While the title ‘Cosmic Thrill Seekers’ might elicit visions of acid-trippin’ psych-rockers on a quest for the meaning of life, the truth is much more grounded.
A reflection of vocalist Kory Gregory’s cyclical mental health and OCD, it is instead a grungy, indie-rock soap-opera that is split into three parts. Bizarrely, it also riffs off The Wonderful Wizard of Oz (so perhaps not so grounded after all), with each act – the Heart, the Brain, and the Roar – symbolic of Dorothy’s three companions in L Frank Baum’s novel.
It’s beautifully-paced stuff too – certainly warranting comparisons to Titus Andronicus’ masterpiece ‘The Monitor’ – and for all the complicated themes and musical chaos, nothing’s left to chance, and everything has space to breathe.
The one-two of opener ‘I Lost My Life’ – complete with some trademark throat-shredding vocals by Gregory – and ‘Lauren (Track 2)’ is just wonderful, the former a ballad of sorts that hints at the carnage to follow, the latter a riotous mishmash of woozy surf-pop and pool-party punk rock. From there, ‘Cosmic Thrill Seekers’ is a further 12 tracks of near-breathless punk rock that feels so organic it exists as a living, breathing mass of energy.
When it does momentarily pause – the twisted lullaby of ‘Cosmic Thrill Seekers Forever’ and closing number ‘Wacky Misadventures of the Passenger’ are great examples of how Prince Daddy play with structure and narrative – the tension and terror is never far from the surface, waiting to explode into a kaleidoscope of emotions and sounds. At the centre of this is Gregory’s edge-of-the-precipice vocals, strained and exhausted and barely masking the anxiety. Occasionally Prince Daddy play things with a straight bat, like on the uncomplicated indie-rock of ‘The Prototype of the Ultimate Lifeform’, and when they do, they find musical nirvana.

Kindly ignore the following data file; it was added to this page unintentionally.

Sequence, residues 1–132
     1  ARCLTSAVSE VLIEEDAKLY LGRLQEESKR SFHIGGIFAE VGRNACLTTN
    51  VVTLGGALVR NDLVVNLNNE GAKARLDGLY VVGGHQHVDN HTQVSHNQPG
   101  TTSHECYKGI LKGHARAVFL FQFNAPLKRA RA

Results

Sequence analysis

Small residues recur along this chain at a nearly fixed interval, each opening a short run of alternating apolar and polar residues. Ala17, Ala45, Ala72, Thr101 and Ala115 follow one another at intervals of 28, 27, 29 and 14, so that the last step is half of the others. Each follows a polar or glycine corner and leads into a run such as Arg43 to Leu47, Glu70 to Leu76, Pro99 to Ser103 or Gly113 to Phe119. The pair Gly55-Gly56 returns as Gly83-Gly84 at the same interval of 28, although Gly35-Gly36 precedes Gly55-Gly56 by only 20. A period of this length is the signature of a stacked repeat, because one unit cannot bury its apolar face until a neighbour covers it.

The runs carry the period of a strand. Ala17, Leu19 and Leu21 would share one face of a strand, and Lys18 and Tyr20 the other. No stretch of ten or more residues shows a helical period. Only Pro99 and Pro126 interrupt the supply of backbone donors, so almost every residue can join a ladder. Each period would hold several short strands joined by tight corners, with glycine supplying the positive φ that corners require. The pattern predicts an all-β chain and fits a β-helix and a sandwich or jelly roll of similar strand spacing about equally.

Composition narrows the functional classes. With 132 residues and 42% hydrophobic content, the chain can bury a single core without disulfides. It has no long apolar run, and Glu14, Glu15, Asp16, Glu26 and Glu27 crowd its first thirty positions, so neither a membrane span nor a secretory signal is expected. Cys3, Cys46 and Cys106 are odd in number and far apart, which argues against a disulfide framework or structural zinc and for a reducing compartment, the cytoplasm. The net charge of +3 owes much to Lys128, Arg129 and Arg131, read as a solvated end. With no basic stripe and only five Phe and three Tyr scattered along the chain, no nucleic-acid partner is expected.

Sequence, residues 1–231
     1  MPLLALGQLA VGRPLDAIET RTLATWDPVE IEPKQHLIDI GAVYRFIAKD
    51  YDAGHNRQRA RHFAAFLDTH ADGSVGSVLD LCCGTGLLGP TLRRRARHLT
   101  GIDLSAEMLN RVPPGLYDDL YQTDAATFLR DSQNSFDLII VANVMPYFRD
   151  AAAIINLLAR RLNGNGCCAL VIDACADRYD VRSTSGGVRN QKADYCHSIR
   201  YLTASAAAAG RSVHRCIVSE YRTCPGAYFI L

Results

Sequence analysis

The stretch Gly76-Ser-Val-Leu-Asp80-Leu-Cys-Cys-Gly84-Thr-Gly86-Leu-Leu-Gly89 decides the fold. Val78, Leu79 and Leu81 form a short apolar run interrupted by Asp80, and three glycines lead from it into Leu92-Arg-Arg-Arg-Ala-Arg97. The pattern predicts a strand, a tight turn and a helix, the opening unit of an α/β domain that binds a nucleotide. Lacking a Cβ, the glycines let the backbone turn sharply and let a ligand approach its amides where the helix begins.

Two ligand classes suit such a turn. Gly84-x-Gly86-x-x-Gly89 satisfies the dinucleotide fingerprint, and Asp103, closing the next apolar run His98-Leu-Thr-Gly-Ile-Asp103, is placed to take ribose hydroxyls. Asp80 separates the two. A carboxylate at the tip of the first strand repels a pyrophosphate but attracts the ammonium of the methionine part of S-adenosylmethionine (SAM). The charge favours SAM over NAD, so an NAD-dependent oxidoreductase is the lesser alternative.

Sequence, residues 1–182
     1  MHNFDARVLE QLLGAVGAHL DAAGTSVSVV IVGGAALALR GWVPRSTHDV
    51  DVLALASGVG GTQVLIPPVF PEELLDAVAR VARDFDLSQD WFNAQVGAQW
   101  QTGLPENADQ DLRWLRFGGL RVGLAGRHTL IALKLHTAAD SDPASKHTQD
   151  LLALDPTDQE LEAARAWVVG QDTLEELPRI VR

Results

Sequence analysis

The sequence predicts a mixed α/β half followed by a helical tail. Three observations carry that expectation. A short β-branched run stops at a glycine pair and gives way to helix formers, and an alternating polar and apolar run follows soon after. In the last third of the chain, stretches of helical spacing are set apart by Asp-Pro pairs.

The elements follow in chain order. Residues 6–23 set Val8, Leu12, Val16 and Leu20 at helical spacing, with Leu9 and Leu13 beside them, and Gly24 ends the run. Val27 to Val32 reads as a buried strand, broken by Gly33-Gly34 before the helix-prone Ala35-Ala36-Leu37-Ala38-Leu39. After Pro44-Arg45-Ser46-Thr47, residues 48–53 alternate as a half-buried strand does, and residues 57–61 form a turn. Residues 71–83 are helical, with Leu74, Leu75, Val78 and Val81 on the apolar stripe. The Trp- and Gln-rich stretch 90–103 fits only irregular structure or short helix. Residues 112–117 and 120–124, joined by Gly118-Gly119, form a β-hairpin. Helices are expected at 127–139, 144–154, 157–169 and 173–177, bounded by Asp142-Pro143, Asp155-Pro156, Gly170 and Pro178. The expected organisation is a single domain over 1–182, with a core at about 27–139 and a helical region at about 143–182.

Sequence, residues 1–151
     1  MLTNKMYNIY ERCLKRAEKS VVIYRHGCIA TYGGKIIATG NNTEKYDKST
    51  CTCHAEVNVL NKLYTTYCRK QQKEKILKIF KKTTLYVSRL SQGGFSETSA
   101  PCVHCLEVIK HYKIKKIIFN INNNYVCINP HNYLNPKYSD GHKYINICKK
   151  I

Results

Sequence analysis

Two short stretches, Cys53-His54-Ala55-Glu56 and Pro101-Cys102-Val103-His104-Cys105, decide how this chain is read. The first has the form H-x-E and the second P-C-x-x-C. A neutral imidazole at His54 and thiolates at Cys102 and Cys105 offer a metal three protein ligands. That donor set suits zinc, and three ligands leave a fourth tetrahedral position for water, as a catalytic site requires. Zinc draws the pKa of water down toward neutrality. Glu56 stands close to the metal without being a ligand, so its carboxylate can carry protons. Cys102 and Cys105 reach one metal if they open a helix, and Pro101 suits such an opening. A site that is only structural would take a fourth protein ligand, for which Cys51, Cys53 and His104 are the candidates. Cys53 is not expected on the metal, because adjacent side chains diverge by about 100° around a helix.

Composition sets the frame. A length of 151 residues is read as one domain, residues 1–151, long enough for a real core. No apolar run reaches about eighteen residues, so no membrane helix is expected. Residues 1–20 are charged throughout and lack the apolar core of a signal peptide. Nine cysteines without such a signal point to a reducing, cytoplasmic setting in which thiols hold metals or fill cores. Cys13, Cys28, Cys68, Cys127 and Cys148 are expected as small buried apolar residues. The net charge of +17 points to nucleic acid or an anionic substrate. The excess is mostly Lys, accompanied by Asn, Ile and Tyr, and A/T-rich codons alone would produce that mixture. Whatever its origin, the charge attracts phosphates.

While this means there’s a lot going on – and there’s certainly a lot to digest – ‘Cosmic Thrill Seekers’ captures the drama perfectly. It’s undoubtedly a big stylistic step up from frenetic debut ‘I Thought You Didn’t Even Like Leaving’ and, when combined with the equally stellar recent efforts by best buds Mom Jeans, Graduating Life and Retirement Party, serves as the vanguard for an exciting new generation of indie-punk acts.